$ git show v1.0.1

# push a tag to remote server
$ git push origin v1.0.1
# or push tags
$ git push origin --tags 

# You can also checkout the tags like the same way you checkout branches
$ git checkout -b version2 v2.0.0

# delete a tag
$ git tag -d "v1.0.1a"

6. Amend Logs

# Method 1:
# fix something after git commit
$ git commit -m "something wrong"
$ git add <...>
$ git rm <...>

# apply changes and update log to last commit
$ git commit --amend

# Method 2:
# Make the last commit as unstage changes
$ git commit -m "something wrong"
$ git reset HEAD~1
# ... fix things
# Apply the changes and commit again
$ git commit --amend

7. Working with drafts (stashing)

# Save current uncommitted change to stash
$ git stash

# List existing stash
$ git stash list

# recover last stash
$ git stash apply

# recover previous stashes
$ git stash apply stash@{1}

# Delete stashes
$ git stash drop stash@{0}

Reference for git stash: https://git-scm.com/docs/git-stash

8. Merge a specific commit to current branch

Git has a cherry-pick function that can merge a specific commit to the current branch, this save me once. :P

# merge a sequence of commits to the current branch, 
$ git cherry-pick <commits...>

When you try to merge a commit, you will possibly cause some conflict. The cherry-pick function also has some features to help you.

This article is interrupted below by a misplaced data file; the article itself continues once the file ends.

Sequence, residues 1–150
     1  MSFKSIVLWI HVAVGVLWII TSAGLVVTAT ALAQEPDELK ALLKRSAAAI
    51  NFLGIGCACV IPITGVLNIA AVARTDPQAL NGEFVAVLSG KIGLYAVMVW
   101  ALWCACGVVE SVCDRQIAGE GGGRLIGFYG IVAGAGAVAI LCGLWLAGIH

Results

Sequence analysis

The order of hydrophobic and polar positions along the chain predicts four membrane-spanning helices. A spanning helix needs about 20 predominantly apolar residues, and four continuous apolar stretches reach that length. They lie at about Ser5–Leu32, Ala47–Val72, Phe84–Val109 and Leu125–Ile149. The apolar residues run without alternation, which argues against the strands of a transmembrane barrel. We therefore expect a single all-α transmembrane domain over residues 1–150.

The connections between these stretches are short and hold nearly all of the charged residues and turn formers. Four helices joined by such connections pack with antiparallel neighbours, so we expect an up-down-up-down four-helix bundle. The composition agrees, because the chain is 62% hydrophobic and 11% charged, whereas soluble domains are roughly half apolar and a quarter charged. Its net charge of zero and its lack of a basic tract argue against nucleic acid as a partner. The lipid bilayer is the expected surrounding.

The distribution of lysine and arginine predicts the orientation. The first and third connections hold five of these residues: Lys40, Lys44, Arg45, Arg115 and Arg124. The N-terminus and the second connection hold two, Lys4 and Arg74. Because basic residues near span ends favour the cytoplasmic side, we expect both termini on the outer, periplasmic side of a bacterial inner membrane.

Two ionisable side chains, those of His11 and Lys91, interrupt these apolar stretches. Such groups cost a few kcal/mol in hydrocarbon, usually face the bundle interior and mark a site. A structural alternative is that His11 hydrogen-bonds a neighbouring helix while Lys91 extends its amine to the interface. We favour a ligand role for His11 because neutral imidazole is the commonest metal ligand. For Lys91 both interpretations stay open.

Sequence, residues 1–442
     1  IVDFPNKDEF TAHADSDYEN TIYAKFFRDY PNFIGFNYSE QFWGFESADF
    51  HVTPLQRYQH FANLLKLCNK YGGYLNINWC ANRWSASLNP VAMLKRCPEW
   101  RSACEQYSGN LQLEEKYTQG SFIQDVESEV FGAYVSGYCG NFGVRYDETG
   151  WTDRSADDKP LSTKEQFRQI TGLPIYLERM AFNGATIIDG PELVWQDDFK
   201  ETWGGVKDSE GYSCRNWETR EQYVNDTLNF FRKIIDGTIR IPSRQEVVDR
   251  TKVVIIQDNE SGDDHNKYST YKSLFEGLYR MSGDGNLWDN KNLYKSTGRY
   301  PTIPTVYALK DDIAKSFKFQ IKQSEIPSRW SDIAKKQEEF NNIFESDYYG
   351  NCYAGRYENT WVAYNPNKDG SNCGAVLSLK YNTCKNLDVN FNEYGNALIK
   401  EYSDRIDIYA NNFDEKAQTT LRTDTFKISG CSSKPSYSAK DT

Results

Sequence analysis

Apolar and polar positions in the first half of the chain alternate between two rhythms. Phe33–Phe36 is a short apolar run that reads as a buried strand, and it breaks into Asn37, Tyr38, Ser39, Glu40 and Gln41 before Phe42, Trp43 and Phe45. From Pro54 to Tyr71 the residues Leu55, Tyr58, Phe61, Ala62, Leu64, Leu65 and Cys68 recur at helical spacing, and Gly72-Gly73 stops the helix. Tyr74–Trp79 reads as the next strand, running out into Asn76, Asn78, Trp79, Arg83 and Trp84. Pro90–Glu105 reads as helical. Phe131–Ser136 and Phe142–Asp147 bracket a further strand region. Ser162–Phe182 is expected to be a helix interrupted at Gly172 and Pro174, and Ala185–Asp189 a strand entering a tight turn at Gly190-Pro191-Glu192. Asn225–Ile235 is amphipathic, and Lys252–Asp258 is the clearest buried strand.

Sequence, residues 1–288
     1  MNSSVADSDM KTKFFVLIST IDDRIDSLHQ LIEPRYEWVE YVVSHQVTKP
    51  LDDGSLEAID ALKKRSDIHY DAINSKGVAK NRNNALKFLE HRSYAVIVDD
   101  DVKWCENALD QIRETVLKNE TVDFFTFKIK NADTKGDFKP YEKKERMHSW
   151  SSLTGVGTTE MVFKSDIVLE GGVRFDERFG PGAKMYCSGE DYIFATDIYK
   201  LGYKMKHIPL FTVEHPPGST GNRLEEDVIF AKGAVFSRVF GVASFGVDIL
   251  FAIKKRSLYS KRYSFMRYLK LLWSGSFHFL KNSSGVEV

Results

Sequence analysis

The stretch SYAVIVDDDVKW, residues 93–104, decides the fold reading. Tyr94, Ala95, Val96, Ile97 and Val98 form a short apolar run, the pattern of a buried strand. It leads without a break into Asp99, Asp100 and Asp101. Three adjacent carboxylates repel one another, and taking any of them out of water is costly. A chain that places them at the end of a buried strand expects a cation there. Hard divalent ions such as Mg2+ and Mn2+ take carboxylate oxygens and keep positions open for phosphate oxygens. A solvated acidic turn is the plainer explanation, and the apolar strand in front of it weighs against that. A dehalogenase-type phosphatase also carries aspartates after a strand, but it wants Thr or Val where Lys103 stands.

# continue the job after you resolve the conflicts
$ git cherry-pick --continue

# forget current job in the sequence progress
$ git cherry-pick --quit

# clear all the sequence and recover to the pre-sequence state
$ git cherry-pick --abort

9. Reverting commits

There are two types of resetting the branch to a previous state: 1. delete unpublished commits locally, 2. Undo published commits with new commits.

Using git reset can help resetting current state.

# delete the local commits and restore to the previous commit state
$ git reset --hard <commit>

# if you have local uncommit changes, you should save as stash first
$ git stash
$ git reset --hard <commit>
$ git stash pop

Using git revert is to make a new commit to revert previous changes(specificly).

# cancel specific changes
$ git revert <commit1> <commit2> ...

# cancel range of commits
$ git revert e647032...cee8902
# cancel last two commits
$ git revert HEAD~2...HEAD

If you've really push something wrong to github, or merging with a wrong branch which you want to recover. You could do th below things with specifc care:

# (it's strongly recommended to create a backup branch first!!!)
# **this line recover back to a specific commit, and all the later commits will be lost!!!
$ git reset --hard <commit>
$ git push --force origin <branch_name>

Ref to git revert.

10. Get Revision List

Updated on 2017-12-21

Now our projects in the company uses total commit count as the build version, so I make a search on how to use command line to get that. It's related to the git rev-list command and I found the command quite useful in fact.

# Get the total commit count at the current branch
$ git rev-list --count HEAD

# Check different commits between two branches/tags
$ git rev-list --pretty --left-right <BRANCH_1>...<BRANCH_2>

Tags: linuxprogramming